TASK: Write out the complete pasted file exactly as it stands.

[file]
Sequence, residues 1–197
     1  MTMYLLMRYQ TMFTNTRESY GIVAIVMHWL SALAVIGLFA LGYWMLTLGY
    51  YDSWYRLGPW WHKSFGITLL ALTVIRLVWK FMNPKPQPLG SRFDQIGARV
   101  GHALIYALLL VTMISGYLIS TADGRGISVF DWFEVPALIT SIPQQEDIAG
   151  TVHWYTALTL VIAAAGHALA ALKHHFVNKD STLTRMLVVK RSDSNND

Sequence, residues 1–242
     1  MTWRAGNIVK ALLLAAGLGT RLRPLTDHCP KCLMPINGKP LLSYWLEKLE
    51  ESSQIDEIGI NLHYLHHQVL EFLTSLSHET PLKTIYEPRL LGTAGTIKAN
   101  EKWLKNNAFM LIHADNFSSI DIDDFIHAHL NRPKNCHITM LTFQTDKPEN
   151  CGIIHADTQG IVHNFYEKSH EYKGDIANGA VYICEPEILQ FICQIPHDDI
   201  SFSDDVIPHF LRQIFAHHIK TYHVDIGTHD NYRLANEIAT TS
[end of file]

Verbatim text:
Sequence, residues 1–197
     1  MTMYLLMRYQ TMFTNTRESY GIVAIVMHWL SALAVIGLFA LGYWMLTLGY
    51  YDSWYRLGPW WHKSFGITLL ALTVIRLVWK FMNPKPQPLG SRFDQIGARV
   101  GHALIYALLL VTMISGYLIS TADGRGISVF DWFEVPALIT SIPQQEDIAG
   151  TVHWYTALTL VIAAAGHALA ALKHHFVNKD STLTRMLVVK RSDSNND

Sequence, residues 1–242
     1  MTWRAGNIVK ALLLAAGLGT RLRPLTDHCP KCLMPINGKP LLSYWLEKLE
    51  ESSQIDEIGI NLHYLHHQVL EFLTSLSHET PLKTIYEPRL LGTAGTIKAN
   101  EKWLKNNAFM LIHADNFSSI DIDDFIHAHL NRPKNCHITM LTFQTDKPEN
   151  CGIIHADTQG IVHNFYEKSH EYKGDIANGA VYICEPEILQ FICQIPHDDI
   201  SFSDDVIPHF LRQIFAHHIK TYHVDIGTHD NYRLANEIAT TS